Not all my torments
is contained in the Gresham Manuscript, the autograph songbook written out by Purcell between 1692 and 1695. This song comes between movements from the birthday ode of April 1693, Celebrate this festival
, and Sawney is a bonny lad
, dated 25 January 1694, so may be presumed to have been written around the middle of 1693. Perhaps Purcell’s most florid song, representing the full extent of the ornate Italian influence, it seems strange that he did not include it in any published collection, and neither did it appear in Orpheus Britannicus
. Robert Spencer has written that ‘this wonderful song always seems disappointingly short’, musing on whether Purcell planned an aria to follow, or even wrote one which got lost. That said, the four lines of verse do in themselves make a pithy and rather poignant entity which Purcell sets in an astonishingly colourful style, swinging from the impassioned opening, through the manically increasing scorn with which the poet’s love is greeted to the desolate sorrows that he will take to the grave. The rising optimism of the repeated ‘I love’ is countered by the final sting in the tail, ‘I despair’.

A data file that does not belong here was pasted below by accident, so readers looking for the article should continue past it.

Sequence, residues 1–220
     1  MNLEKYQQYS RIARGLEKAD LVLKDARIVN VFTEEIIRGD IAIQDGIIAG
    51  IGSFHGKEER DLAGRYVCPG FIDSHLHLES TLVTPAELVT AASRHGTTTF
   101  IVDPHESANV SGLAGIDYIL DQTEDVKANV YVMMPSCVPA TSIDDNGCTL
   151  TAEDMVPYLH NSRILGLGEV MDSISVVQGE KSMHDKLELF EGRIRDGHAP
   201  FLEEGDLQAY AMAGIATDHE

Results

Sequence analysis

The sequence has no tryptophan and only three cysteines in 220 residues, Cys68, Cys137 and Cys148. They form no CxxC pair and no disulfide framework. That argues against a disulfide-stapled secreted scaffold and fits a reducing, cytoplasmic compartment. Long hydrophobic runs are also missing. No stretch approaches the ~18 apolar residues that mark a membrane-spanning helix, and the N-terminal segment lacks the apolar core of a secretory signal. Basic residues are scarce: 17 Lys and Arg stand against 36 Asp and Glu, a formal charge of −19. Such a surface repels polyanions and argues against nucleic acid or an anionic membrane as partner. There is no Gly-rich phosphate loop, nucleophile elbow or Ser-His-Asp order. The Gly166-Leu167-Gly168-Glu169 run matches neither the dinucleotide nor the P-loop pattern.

from notes by Robert King © 2003
Le texte de Not all my torments can your pity move
se prêta à une mise en musique dramatique: la ligne vocale donne l’impression d’un chanteur improvisant des ornements fleuris sur une mélodie simple. Les mélismes sur des termes importants abondent, avec des intervalles hachés pour des mots comme «pity» et un sentiment d’accélération merveilleusement maîtrisé au «increases» répété.
extrait des notes rédigées par Robert King © 1989